Angie deals with some unwelcome visitors
In less than 60 days will have reached the three year mark of John’s Alzheimer’s diagnosis. Amazingly, even though I know the prognosis for the disease, I thought that we could hum along where we were at the two-year mark when my husband was at 80 to 85 percent of his old self. That obviously was a dream.
John can still do many, many tasks: gardening, dishes, laundry, making the bed, taking care of himself and our dog Tobey. But I have recently found out that he isn’t doing it all alone. When I came home from work the other day my husband met me at the door to tell me there were people in our house.
I was expecting the delivery of a new dishwasher so at first I thought that the installer was hard at work. John quickly put that idea to rest. He said a lot of people had come out of our antique hat rack and were now sitting on the floor drawing. Since they had been there all day he was tired and wanted them to go away. Would I please make them leave?
This disease takes you on such a crazy journey it is hard to prepare for it. It wasn’t the first time John thought people were at our home. A month or so earlier he told me that there were people in our backyard milling around and a man was sitting at our patio table. When I brought this incident to the attention of our doctor he said that John was not hallucinating, but that his mind was misinterpreting what he saw.
I had left a collapsible cooler on the table directly in front of a chair to air-dry. It was navy blue with a maroon stripe like a Rugby shirt. The tall rosebush directly behind it, with salad plate sized pink flowers could look like a face. Add a gentle evening breeze and you have a crowd. This time the hats, scarves and purses hanging on the rack made John think of a bunch of people. It wasn’t too far a leap for him to envision them stepping out into the room.
I stood on the porch not knowing whether to laugh or cry. Before entering the house I took a moment to calm myself. Touching his arm I looked into John’s eyes and asked if these people were mean to him. He shook his head, no. Did they scare him? I could see he was surprised I asked that. Again no. Frustrated he said he was just tired of them. Make them go away.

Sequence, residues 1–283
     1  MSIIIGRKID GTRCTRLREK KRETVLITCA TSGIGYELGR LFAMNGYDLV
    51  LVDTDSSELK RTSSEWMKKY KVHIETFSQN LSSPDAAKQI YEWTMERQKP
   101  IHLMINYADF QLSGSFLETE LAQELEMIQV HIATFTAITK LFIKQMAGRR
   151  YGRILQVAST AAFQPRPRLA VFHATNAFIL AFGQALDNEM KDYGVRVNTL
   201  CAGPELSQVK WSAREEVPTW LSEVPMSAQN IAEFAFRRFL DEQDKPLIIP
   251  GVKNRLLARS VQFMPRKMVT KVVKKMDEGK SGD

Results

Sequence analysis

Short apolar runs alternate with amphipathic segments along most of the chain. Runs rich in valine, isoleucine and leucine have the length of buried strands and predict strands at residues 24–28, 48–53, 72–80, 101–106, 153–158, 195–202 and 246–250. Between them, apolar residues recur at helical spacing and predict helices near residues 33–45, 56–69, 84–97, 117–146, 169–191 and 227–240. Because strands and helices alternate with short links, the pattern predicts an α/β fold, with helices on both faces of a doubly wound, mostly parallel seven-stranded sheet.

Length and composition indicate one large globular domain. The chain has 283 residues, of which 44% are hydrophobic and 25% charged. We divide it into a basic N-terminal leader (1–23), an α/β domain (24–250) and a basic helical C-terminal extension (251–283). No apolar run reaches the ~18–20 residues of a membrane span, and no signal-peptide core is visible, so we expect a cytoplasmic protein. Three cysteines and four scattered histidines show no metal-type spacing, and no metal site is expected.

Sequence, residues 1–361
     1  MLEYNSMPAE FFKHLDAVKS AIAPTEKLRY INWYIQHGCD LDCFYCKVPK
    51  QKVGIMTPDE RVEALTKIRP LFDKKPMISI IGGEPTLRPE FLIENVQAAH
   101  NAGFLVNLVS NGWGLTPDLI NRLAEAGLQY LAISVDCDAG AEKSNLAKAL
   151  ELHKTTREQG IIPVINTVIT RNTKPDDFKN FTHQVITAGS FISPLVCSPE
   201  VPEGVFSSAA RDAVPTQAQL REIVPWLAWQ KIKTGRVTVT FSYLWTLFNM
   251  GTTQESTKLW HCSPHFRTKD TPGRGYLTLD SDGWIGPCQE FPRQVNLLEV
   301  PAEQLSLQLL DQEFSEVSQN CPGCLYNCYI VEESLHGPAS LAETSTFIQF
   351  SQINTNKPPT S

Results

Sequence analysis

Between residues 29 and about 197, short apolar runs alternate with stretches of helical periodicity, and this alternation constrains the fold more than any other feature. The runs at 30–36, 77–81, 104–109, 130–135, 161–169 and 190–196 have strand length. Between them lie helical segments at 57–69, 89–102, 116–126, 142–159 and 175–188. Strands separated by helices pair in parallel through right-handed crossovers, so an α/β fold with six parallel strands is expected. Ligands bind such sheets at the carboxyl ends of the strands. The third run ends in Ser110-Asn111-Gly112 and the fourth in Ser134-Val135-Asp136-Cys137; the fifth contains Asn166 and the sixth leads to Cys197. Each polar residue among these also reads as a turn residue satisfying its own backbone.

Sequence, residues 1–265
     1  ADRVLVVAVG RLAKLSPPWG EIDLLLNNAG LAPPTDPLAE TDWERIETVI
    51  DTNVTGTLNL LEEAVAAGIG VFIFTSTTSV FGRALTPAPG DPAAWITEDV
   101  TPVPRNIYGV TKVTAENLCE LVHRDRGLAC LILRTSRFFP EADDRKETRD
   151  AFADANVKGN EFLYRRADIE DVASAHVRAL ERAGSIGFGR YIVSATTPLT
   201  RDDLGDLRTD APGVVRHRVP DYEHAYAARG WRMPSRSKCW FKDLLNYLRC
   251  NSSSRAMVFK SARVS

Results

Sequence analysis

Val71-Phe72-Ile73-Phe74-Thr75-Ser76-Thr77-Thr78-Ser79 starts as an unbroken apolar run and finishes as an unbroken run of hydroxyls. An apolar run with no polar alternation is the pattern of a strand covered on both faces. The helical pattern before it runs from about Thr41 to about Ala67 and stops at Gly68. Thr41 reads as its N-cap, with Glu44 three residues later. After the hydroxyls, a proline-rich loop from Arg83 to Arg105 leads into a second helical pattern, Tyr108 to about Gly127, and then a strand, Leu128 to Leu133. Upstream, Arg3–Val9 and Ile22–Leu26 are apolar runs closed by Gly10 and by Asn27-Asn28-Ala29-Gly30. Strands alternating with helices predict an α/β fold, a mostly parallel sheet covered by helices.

Taking a deep breath I marched into the house and in a loud voice cried out, “Okay, that’s it for today, everybody out. I’m home and you have to go.” I stomped around a bit then came to the door and looked at my husband standing expectantly on the step.
The words “all gone” brought relief to his face, his body visibly relaxed. I think it was partly because I didn’t question if the people were real—they were real enough to him—and partly because I made them leave.
As I prepared dinner, we talked about how often these folks came to visit. I needed to know the details: when did they start to appear, what did they do, where did they go in the house. To see if we could eliminate the visits, we decided to clean up the jumble of items we had stored on this piece of furniture. I removed hats we no longer used, put scarves away in drawers and placed umbrellas in another location. It helped some, but not enough. Eventually I had to move the whole thing to another room, out of his line of sight when he sits in the den.
Our doctors have been sympathetic, but there is little for them to offer. We are not ready for drugs so we will take it a day at a time. I jokingly told John that as long as he felt safe with these visitors I was happy that he wasn’t home alone while I am at work.